March 4, 2014 / employee incentives, human capital, optimization, training
For the last several years, most metals companies have been investing in technology to improve productivity. And as the industry tries to deal with the skills gap, that trend will likely continue. In fact, a report from Fabricating & Metalworking expects 2014 to be the year of “unprecedented automation.”
However, industry leaders also realize that automation isn’t going to be the panacea for their workforce challenges, nor is it the only way they can optimize their operations. A growing number of manufacturers are finding that plant floor workers can play just as much of a role in improving efficiency and, if leveraged correctly, can be more of an asset than a cost.
According to this article in The New York Times, a few years ago, motorcycle manufacturer Harley completely redesigned its production system around this concept. The company built a brand new plant, but instead of relying on robots to ramp up productivity, the well-known brand put its value in its workers and the problem-solving skills they brought to the table.
Of course, Harley is a custom, unionized shop. Can the same hold true in a high-production metal-cutting environment? A recent column from IndustryWeek says yes. As evidenced in the winners of its Best Plants Award, IW says that leading manufacturers—both union and non-union—are investing in their plant floor production staffs and are seeing positive bottom-line results.
Here are a few metals companies that also finding that to be the case:
- Yarde Metals, a metal service center based in Southington, CT, has found that employee incentives can pay off. According to a case study from the LENOX Institute of Technology, Yarde has instituted a bonus system that provides operators with financial compensation when the company does well. To keep operators up to date on performance, managers post daily scorecards next to the time clock that lists productivity stats and other key operation metrics. Greg Sioch, lead foreman of the facility’s plate department, says the system has been very successful and that operators are used to getting bonuses. “Everybody knows that if you don’t send out a good product, you are going to be held accountable for it and it is going to ultimately affect the bottom line for everybody,” Sioch said.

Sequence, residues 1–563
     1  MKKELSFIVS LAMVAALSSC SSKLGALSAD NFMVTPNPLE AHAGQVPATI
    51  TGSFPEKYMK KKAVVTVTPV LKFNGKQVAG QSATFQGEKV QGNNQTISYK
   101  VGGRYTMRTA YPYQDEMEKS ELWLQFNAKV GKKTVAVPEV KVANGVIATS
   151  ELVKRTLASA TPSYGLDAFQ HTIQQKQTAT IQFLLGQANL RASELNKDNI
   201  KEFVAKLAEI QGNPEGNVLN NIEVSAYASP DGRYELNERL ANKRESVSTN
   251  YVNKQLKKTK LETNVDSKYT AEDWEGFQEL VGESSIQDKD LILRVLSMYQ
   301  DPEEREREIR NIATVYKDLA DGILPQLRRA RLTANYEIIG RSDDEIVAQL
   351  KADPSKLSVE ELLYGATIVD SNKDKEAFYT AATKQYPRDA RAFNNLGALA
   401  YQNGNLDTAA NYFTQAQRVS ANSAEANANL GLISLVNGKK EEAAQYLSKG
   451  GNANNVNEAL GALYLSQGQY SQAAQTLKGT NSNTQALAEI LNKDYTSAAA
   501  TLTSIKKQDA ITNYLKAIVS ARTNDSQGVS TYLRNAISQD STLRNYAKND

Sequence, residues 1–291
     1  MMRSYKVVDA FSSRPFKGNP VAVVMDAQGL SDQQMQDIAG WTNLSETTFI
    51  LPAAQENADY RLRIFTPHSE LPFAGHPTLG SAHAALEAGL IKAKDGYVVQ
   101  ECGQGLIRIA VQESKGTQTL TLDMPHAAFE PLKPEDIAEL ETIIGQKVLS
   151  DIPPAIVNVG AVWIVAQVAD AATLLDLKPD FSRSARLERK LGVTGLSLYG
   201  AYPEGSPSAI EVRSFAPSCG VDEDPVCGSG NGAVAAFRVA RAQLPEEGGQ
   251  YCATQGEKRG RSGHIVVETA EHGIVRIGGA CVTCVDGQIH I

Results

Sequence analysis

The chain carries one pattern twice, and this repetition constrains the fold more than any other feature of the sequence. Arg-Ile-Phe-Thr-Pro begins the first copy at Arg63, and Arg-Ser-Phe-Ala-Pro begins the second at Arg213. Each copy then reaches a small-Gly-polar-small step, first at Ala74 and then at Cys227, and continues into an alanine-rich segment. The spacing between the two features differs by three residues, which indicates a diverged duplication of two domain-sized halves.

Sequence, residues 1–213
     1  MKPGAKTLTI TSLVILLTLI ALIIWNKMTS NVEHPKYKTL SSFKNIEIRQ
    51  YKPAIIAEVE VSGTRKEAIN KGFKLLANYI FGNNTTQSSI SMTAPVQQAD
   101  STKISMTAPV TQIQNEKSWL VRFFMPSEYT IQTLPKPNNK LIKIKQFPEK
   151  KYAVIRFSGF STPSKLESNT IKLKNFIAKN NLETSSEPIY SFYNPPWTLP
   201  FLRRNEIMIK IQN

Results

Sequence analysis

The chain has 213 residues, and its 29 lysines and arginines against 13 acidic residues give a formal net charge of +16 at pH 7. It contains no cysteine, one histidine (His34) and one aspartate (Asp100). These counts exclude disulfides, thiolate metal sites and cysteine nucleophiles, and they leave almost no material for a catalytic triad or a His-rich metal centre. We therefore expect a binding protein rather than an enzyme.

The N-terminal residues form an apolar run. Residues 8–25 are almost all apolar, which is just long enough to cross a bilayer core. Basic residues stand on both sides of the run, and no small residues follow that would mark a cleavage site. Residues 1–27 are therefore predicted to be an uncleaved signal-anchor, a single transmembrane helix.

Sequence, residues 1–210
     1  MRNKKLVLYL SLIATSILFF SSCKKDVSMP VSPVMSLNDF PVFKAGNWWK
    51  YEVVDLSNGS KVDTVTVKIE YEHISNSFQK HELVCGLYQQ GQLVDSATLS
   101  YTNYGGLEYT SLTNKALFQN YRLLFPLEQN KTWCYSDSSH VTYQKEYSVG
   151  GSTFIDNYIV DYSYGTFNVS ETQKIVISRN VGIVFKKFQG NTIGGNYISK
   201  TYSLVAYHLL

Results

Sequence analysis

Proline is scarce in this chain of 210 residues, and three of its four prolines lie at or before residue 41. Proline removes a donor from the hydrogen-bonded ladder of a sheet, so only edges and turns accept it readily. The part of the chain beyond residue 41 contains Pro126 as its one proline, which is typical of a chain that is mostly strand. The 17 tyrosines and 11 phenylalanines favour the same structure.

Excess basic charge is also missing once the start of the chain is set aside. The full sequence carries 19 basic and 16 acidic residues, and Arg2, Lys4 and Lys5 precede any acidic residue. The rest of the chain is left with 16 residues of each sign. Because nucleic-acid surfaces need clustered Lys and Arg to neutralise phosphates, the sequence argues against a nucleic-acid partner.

- According to the Modern Metals 12th Annual Consuming Industries Survey, several fabricators, service centers, and metals OEMs are investing in internal training and education programs to combat the growing void of qualified workers. Safety, forklift, first aid, lean manufacturing, and operational training are just some of the programs being offered. In the article, “A Mixed Bag,” the magazine quotes one fabricator as saying that it plans to hire unskilled labor at lower rates and increase their pay as they learn skills. Another fabricator tells MM that it pays for any education relating to the metal industry and that it also offers apprenticeship programs.
To succeed in today’s competitive market, metalworking executives need to optimize all aspects of their operations—and that includes their human capital. Whether it’s incentivizing employees to keep quality high, leveraging their problem-solving skills to improve productivity, or providing them with the training to acquire the skills required in today’s automated plant, it pays to value your operators. Like Harley, metals companies have a choice: They can either treat their plant floor operators as costs, or they can turn them into valuable assets.